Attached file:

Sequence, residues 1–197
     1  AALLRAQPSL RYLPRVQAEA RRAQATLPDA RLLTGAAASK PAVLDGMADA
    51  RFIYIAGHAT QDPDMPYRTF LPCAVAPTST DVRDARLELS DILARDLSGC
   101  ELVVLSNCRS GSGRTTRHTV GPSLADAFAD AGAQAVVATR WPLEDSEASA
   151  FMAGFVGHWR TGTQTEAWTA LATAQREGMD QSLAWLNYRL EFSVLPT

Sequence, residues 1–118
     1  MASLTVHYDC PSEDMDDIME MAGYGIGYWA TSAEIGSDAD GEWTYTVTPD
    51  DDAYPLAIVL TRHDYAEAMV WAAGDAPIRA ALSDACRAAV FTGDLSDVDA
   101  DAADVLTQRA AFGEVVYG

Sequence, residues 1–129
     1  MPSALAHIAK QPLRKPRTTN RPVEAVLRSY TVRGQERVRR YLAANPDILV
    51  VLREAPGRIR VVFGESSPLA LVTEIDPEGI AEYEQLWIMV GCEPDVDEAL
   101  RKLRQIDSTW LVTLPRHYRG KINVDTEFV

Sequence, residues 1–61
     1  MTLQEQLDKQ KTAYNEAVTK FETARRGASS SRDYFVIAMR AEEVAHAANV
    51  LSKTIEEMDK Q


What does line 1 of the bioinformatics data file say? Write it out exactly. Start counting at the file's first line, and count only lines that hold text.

Sequence, residues 1–197